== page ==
Dom Bess and Jack Leach (Extreme right) celebrate(SLC)
Dom Bess and Jack Leach (Extreme right) celebrate(SLC)

Can England spin a surprise?

India vs England: After Underwood, Edmonds and Panesar, will Leach carry forward a trend of left-arm spinners doing well in India?
PUBLISHED ON FEB 04, 2021 07:42 AM IST

Thrice have England won a Test series in India after Independence --- 3-1 in 1976-77, 2-1 in 1984-85 and 2-1 in 2012-13. Each time, a left-arm spinner has played a crucial role --- Monty Panesar (17 wickets) in 2012-13, Phil Edmonds (14 wickets) in 1984-85 and Derek Underwood (29 wickets) in 1976-77. Only once in four tours of India post 2000 did England not bring a left-arm spinner. On that 2016-17 tour, where England relied on leg-spinner Adil Rashid and Moeen Ali’s off-break, India notched their best ever series win at home: 4-0.

Sobered by that defeat, England have brought left-armer Jack Leach for the upcoming four-Test tour, beginning in Chennai on Friday, with off-spinner Dom Bess expected to pair him. Leach and Bess don’t have many Tests between them. Leach doesn’t even turn the ball much. And the recently concluded tour of Sri Lanka (Leach ended with 10 wickets and Bess 12) showed they tend to be more effective when the pitch wears down towards the end. But England will be forced to place a lot of faith in them, knowing how the left-arm-off-break combination has been particularly incisive against India (Panesar-Graeme Swan (2012-13 and Edmonds-Pat Pocock 1984-85). Leach hold the key though.

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Visually, it is straining for a right-hand batsman to face a left-armer. Picking the ball, despite bigger sightscreen these days, becomes tricky when a left-armer goes wide of the pitch. That, in turn, creates a sharp angle, decisively pushing the batsman to his backfoot. Shot selection becomes a worry when the ball holds its line. That explains why nine of Panesar’s 17 wickets in 2012-13 were either bowled or lbw. And when it spins away prodigiously? Mayhem strikes. Like in the Mumbai Test that tour, when Panesar drew Sachin Tendulkar forward with flight. It turned away after pitching leg but Tendulkar wasn’t to the pitch of it. He still tried to flick it off his front leg, but the ball turned sharply to take the top of Tendulkar’s off-stump. That remains Panesar’s most celebrated dismissal.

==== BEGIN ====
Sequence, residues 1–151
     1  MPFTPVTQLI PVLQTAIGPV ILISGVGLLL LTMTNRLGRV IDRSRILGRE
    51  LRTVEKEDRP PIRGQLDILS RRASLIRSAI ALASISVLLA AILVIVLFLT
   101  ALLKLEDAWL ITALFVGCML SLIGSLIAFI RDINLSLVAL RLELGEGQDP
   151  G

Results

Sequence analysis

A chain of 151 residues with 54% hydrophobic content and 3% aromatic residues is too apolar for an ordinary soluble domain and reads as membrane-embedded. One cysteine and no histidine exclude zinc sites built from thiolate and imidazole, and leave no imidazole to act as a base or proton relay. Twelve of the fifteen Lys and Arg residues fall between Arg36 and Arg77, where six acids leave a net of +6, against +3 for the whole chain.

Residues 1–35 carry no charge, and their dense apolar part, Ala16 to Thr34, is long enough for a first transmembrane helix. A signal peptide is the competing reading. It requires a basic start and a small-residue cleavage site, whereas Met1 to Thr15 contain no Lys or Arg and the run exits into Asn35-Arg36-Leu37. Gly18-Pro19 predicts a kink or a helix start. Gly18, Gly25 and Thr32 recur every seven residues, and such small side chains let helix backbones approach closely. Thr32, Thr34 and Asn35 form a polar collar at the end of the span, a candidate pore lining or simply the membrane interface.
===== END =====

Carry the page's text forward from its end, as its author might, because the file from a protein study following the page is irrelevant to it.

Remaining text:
Barring the period post 2010 that saw Rangana Herath take wickets in heaps, left-arm spinners have normally stayed below the radar. Only Ravindra Jadeja and South Africa’s Keshav Maharaj operate with some consistency now. That makes England’s ability to almost consistently send left-arm spinners to the subcontinent even more remarkable. Leach, with a 12-Test experience, may seem a lesser threat than those India have faced before. He neither has the arm speed of Panesar nor the height of Ashley Giles to extract bounce on the most placid of pitches. But he does have the ability to set up the batsman playing against spin by going wide of the pitch. Leach feels that could be play out well in India. “It is probably more about how the ball gets to the batsman in terms of trajectory,” Leach said in a press interaction ahead of the first Test in Chennai. “There have been other successful bowlers who didn't bowl as fast as Monty did. It is about sticking to my strengths and knowing what my optimum pace and then going up and down a little bit from there. Everyone has an optimum pace. It's important to stick to that as much as possible,” he said.

On his first tour, Leach may not get it right against batsmen who take immense pride in subduing spinners at home. After all, it took Panesar two tours (2005-06 and 2008-09) to get his first five-wicket haul (Mumbai, 2012) in India. Giles, too, is remembered for his negative lines at Sachin Tendulkar. But India have historically been a little more edgy against left-arm spinners (Underwood is the most successful bowler in India, with 54 wickets in 16 Tests). The overwhelming number of right-handed batsmen (Jadeja and Rishabh Pant are the only recognised left-hand batsmen) also give Leach a decent chance, at least on paper. He could also take a leaf out of Australia’s 2017 tour of India, when Steve O’Keefe’s returned 12/70 in Pune, the best by any visiting spinner. Like Leach, O’Keefe didn’t turn the ball much. But Indians found his accuracy more stifling.

Another statistic that needs to be factored in is India’s increased aggression towards spinners at home. It has resulted in some jaw-dropping averages against spin (Cheteshwar Pujara averages 75.92 and Virat Kohli 70.47) but they have also become more susceptible to spin at home over the years. Take for example the last decade (2001-11) when three out of the top five overseas bowlers in India were pacers. In the next decade (2011-21) all five were spinners. With James Anderson and Stuart Broad among England’s ranks, India may start their innings on a cautious note. That means Bess and Leach may have a better chance of taking wickets since India are expected to come down hard on them. Also, Indian pitches are traditionally slow, giving batsmen enough time to sort out spinners' lengths. The challenge for England is to prevent giving India from getting that upper hand.

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